I join a long line of educators who have written extensively on the qualities of instructional leadership. The quality that is emphasized in these descriptions is the commitment of school leaders to allocate the majority of their time to leading and participating in functions and tasks directly related to teaching and learning—curriculum development, teacher evaluation, staff development, mentoring, facilitating, and coaching.
The last paragraphs or chapters in these descriptions of instructional leadership lament the fact that in survey after survey school administrators admit to spending very little or no time on the tasks and functions of instructional leadership. The sources of this lack of time allocated for teaching and learning is a subject of a forthcoming blog.
What I do want to address are the tasks and functions that receive little or no attention in the literature on instructional leadership. The reason the tasks and functions listed below receive so little attention in the literature on instructional leadership are educator’s concentration on the substance of instructional leadership. What these educators leave out of their articles and books are the processes of instructional leadership. Yes, leading and participating in tasks and functions of teaching and learning are necessary, but not sufficient for actualizing those tasks and functions in the real world of classrooms.
What follows is a brief listing of tasks and functions that must become integral to performing role of instructional leader or what I term “Eclectic Leadership.” Although I will more fully address the reason school administrators opt out of the instructional leadership role in future blogs, the orchestration of the tasks and functions listed below demand a deep knowledge of the theories, concepts, and practices of new instructional models, and at the same time, the managerial acumen to assimilate new theories, concepts, and practices into already established organizational structures and instructional routines. It is the rare school administrator, who in their training and career experiences, have the knowledge and skills to perform both the substance and processes of instructional leadership.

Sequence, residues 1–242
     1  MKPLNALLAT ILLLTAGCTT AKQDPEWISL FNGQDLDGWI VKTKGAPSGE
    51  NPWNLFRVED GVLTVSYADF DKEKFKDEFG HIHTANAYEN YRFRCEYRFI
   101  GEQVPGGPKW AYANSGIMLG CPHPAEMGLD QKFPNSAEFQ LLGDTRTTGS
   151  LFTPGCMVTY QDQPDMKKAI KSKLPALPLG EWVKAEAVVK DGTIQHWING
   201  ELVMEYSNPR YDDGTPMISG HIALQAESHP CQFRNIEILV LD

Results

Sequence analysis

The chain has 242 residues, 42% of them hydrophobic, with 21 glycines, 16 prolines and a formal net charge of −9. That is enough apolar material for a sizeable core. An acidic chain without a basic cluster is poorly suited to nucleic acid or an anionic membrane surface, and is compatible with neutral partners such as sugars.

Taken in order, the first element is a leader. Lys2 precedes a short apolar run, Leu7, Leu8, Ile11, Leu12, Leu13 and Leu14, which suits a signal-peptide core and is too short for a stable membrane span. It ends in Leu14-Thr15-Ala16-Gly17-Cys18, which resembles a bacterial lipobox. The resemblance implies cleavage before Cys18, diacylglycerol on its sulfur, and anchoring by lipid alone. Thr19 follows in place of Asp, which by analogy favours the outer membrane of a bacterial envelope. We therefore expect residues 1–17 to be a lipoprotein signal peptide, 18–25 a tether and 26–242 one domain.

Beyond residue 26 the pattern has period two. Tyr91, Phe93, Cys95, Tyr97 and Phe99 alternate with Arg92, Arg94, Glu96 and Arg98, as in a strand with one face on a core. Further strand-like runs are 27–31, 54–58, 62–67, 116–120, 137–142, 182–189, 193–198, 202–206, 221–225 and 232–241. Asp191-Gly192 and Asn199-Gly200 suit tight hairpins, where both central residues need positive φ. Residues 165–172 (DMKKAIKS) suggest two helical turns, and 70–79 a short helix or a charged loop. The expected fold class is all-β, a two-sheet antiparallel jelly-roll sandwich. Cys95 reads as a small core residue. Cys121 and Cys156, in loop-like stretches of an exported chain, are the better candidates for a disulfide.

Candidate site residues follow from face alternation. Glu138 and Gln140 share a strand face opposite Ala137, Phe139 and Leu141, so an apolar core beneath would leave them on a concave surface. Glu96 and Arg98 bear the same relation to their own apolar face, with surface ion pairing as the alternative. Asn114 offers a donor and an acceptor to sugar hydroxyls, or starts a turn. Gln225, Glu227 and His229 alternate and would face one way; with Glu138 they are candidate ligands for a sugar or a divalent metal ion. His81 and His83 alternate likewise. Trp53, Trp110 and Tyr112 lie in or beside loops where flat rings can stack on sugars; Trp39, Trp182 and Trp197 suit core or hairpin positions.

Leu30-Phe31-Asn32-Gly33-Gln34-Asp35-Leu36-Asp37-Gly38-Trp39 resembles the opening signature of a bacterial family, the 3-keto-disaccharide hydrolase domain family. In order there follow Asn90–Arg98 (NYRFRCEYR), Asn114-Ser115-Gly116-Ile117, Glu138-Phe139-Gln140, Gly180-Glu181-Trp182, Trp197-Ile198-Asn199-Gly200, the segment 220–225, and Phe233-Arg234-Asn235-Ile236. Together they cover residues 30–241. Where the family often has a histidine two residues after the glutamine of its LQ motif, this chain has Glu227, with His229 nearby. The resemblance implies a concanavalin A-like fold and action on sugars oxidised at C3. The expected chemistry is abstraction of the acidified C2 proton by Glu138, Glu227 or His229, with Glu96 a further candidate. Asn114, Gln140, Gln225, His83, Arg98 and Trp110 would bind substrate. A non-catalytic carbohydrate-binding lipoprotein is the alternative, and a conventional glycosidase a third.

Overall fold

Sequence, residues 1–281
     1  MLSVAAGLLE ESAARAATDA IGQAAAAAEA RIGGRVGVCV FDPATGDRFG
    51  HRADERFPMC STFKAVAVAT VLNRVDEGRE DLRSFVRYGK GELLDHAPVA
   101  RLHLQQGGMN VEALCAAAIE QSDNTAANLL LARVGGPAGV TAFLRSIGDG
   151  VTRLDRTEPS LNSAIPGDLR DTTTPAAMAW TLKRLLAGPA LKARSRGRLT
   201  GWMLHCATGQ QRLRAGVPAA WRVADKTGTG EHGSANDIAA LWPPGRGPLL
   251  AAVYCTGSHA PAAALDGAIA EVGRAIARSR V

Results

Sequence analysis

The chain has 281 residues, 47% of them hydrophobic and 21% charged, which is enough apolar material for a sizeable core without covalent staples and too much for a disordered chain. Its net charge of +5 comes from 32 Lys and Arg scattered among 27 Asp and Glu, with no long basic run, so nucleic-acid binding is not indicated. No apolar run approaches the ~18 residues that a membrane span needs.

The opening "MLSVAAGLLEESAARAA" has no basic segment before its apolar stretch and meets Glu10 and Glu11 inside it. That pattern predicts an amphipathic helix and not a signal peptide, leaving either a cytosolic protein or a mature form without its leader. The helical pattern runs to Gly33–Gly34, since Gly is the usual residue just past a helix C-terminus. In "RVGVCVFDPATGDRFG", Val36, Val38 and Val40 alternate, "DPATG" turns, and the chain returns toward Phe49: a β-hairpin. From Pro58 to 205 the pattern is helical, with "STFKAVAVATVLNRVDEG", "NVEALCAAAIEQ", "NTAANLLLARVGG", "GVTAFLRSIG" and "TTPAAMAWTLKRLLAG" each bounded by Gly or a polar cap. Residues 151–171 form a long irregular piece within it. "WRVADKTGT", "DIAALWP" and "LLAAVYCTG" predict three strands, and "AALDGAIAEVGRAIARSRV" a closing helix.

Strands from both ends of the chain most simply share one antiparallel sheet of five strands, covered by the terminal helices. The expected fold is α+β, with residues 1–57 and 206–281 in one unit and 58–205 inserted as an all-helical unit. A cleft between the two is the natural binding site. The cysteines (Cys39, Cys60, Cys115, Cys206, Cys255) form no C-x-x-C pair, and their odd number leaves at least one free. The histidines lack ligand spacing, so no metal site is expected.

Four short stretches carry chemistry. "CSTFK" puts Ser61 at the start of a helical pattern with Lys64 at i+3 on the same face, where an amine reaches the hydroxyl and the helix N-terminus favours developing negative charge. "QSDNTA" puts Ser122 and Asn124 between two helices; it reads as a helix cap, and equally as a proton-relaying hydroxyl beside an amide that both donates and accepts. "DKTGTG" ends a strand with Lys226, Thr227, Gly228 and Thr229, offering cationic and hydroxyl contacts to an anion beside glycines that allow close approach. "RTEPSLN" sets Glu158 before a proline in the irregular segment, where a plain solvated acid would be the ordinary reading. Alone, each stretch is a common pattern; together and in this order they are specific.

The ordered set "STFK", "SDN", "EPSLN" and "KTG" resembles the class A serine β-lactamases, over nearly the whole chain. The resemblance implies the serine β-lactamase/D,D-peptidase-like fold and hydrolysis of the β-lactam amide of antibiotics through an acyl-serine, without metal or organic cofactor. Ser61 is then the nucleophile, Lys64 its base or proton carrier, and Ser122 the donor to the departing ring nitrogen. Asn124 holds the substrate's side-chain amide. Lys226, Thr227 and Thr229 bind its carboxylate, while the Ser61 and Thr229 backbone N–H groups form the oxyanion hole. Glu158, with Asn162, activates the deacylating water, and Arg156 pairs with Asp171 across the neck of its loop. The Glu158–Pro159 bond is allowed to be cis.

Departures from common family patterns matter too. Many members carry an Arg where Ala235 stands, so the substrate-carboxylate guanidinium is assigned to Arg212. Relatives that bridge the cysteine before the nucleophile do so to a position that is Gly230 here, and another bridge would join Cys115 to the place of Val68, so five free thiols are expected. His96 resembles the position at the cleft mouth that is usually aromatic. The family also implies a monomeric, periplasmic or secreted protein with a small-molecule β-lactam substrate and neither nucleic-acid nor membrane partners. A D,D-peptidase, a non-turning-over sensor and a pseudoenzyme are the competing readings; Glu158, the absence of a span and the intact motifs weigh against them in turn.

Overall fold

Eclectic Leaders are POETS: (what we can imagine)
POETS express a strong discontent with the goals and practices of institutional schooling. They author a new story about teaching and learning that frees educators from metaphors and vocabularies that serve as obstacles to a quality educational experience: accountability, data driven, no child left behind, race to the top.
Eclectic Leaders are TEACHERS: (what we know)
TEACHERS translate abstract educational goals and values written into school mission statements into daily classroom practices.
Eclectic Leaders are POLITICIANS: (what we can get done)
POLITICIANS mobilize the community support for unfamiliar learning platforms. The assemble the organizational resources necessary for implementation of new learning models.
Eclectic Leaders are MANAGERS: (what we do)
MANGERS gather and allocates the right resources to the right places. They design systems—curriculum, employment, assessment—to support the theories and practices of new learning models.